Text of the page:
Industrial and corporate restructuring is emerging as a hot-button issue in South Korea in the wake of the general election in April. Although both the ruling and opposition parties are concentrating on the economic matter at the same time, their opinions are split when it comes to the specifics.
The ruling party is wary of the political community’s more-than-necessary intervention in the restructuring to be led by the government. According to it, a labor reform and policy for dealing with marginal enterprises should be implemented in a lump for the policy effectiveness. In contrast, the opposition parties are calling for comprehensive measures covering unemployment while claiming that the handling of labor reform bills should not be associated with the measures.
The ruling party and the government are unlikely to be able to stick to their plan because the opposition parties are to hold the majority in the 20th National Assembly. Under the circumstances, it is predicted that the government is likely to lose its control in the restructuring processes although it is stressing that the 20-month period preceding the next Presidential election is the best opportunity for the restructuring.
The urgency of the restructuring is snowballing as an increasing number of marginal enterprises are putting mounting pressure on the national economy. The ratio of such companies rose to 31.3% of the total listed companies in 2014 while 17 out of the top 30 business groups in South Korea were zombie companies not capable of paying their interests, to say nothing of their principals. As of the end of March 2015, the total corporate debt amounted to 2,347 trillion won (US$2,040 billion) and 21.2% of it belonged to the marginal enterprises. If the central bank raises the key rate in the near future, an economic crisis stemming from the corporate debt is sure to follow. In particular, the government failed to start any restructuring process in the shipping and shipbuilding industries for years, in spite of voices calling for it, and now the debts in the sectors amount to no less than 20 trillion won (US$17 billion) or so. Such a delay is attributable to the passiveness on the part of the government, shareholders and creditors. Now is the time, though belated, for the government to come up with a clearer roadmap for the restructuring.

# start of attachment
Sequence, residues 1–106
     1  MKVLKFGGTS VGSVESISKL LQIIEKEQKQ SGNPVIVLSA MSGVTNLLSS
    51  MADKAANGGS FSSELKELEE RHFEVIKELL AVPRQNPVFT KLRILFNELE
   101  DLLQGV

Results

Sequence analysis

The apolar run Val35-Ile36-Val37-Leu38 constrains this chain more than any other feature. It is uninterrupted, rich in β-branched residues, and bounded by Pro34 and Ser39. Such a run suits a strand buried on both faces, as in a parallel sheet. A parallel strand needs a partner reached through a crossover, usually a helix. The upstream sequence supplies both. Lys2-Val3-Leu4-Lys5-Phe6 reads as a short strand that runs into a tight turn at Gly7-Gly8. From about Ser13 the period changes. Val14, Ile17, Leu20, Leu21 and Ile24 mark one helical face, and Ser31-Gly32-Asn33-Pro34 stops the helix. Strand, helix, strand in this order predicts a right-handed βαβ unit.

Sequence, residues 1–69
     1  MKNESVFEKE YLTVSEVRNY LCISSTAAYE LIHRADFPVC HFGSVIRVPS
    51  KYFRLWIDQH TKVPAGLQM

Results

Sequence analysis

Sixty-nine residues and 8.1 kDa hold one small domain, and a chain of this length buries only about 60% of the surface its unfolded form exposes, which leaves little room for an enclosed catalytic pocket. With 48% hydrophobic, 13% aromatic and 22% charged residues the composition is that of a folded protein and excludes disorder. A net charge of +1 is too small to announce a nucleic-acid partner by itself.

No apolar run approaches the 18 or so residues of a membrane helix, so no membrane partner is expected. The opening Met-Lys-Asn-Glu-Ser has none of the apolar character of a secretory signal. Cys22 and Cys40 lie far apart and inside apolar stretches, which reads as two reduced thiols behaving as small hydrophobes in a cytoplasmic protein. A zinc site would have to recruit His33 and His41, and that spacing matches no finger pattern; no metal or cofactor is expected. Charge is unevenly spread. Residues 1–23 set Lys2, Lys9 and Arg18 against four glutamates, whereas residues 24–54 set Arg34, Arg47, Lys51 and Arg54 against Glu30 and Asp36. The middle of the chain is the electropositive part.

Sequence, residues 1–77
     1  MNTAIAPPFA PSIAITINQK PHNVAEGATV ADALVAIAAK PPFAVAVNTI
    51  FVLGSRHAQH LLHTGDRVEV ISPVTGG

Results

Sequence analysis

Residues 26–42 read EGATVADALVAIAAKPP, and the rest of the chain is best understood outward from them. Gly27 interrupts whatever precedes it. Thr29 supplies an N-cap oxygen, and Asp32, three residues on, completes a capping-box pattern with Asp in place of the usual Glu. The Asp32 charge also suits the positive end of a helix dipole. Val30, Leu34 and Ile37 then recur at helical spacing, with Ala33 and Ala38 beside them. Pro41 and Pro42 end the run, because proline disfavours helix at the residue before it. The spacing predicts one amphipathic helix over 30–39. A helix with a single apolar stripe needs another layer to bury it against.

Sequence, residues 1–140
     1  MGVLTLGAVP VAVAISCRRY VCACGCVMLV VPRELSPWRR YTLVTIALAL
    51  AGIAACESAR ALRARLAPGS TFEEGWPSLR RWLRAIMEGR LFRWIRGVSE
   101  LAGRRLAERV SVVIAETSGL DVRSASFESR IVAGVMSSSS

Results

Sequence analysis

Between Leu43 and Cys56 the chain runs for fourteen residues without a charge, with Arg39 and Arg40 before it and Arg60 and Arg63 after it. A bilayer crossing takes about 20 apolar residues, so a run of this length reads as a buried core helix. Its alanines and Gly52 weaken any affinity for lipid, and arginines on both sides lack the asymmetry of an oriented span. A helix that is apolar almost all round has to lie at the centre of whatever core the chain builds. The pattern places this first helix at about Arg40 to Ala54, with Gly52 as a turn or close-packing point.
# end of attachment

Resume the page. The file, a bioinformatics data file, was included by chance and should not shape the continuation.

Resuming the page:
The political community, on its part, should work closely together so the restructuring can lead to a recovery of the South Korean economy instead of seeing the matter as a source of political disputes. This issue is something much more urgent than their efforts to win more votes.
South Korea has gone through two major economic crises within 20 years, one in 1997 and the other in 2008. Each time, the South Korean economy overhauled itself, despite difficulties, to strengthen itself. Now, the government and the political circles are being required to repeat the same by putting their heads together.